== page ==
New piece out on Talking Points Memo:
At least nine Bush administration officials refused to cooperate with various Justice Department investigations during the final days of the Bush presidency, according to public records and interviews with federal law enforcement officials and many of the officials and their attorneys. In addition, two U.S. senators, a congresswoman, and the chief of staff to one of them, also refused to cooperate with the same investigations.
In large part because of that noncooperation, Justice Department officials sought criminal prosecutors in at least two cases so far to take over their investigations so that they can compel the testimony of many of those officials to testify through the use of a federal grand jury.
With the stakes now escalating for both sides — the possibility of grand jury subpoenas for recalcitrant witnesses and the specter of senior government officials invoking their Fifth Amendment right to self-incrimination — it remains unclear whether and how many of them will continue to defy investigators.
In one instance, an attorney for former Bush White House chief political strategist Karl Rove recently told TPMmuckraker that even though Rove had refused to cooperate with an earlier Justice Department inquiry into the firings by the Bush administration of nine U.S. attorneys, he would now fully cooperate with a federal grand jury that has been empanelled to hear evidence in the case. But most of the other former senior White House officials, as well as members of Congress and their staffs, declined to say for this article whether they have or will cooperate with the various federal criminal investigations.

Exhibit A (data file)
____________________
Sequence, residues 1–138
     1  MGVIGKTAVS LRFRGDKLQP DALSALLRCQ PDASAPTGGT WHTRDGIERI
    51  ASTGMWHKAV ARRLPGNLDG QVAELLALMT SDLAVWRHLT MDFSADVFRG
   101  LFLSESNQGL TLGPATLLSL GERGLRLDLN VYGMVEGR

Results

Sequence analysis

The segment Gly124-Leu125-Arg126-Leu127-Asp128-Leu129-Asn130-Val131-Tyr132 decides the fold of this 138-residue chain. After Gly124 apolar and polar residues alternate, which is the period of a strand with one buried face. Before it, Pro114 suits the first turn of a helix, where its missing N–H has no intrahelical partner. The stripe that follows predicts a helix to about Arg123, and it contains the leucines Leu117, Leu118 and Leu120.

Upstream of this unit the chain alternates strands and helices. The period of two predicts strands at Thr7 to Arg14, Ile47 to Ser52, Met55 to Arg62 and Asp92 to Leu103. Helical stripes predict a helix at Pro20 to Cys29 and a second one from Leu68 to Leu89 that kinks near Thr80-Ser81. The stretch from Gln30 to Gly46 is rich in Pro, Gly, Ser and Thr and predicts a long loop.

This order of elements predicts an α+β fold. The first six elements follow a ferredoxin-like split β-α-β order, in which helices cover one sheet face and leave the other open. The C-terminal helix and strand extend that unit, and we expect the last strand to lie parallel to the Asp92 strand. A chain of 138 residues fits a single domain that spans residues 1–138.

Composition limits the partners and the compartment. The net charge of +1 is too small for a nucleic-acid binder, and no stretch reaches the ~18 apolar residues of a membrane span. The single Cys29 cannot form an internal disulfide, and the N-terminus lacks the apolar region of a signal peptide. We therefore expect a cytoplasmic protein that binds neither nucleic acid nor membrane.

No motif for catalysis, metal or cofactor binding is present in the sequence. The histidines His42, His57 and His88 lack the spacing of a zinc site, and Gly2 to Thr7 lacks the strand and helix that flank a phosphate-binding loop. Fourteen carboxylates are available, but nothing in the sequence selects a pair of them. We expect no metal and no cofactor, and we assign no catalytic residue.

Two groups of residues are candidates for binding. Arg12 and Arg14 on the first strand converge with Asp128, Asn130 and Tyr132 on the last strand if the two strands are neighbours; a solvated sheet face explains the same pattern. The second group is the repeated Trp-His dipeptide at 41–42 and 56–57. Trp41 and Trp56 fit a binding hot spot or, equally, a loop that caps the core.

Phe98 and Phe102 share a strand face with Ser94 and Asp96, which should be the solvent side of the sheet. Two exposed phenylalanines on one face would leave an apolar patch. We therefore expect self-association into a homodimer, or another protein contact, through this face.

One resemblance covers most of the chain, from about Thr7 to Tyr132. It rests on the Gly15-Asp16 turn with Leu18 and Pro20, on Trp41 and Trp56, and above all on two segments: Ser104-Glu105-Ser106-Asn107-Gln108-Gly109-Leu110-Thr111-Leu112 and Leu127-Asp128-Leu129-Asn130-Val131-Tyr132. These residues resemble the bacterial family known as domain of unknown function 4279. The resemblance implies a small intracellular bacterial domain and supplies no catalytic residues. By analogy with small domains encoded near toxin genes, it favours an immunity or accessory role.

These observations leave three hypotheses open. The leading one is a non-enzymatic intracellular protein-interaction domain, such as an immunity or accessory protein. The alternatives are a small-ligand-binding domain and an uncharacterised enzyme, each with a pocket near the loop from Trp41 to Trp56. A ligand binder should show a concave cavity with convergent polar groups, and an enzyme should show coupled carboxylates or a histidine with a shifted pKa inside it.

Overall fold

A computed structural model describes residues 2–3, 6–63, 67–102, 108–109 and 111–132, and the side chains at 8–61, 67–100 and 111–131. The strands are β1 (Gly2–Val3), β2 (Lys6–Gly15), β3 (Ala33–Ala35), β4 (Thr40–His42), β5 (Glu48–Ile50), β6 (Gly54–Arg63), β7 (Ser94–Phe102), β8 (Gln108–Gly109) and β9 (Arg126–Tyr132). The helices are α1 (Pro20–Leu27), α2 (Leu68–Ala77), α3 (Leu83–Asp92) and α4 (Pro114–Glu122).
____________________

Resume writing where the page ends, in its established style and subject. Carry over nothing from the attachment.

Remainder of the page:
Previously, two Justice Department watchdog offices, the Inspector General and Office of Professional Responsibility conducted investigations of the firings of the U.S. attorneys and the politicization by the Bush administration of the Justice Department’s Civil Rights Division. But those two offices do not have the power to compel the testimony of witnesses outside the department itself or to initiate criminal prosecutions. The Inspector General and OPR successfully sought the naming of a criminal prosecutor to take over their probes.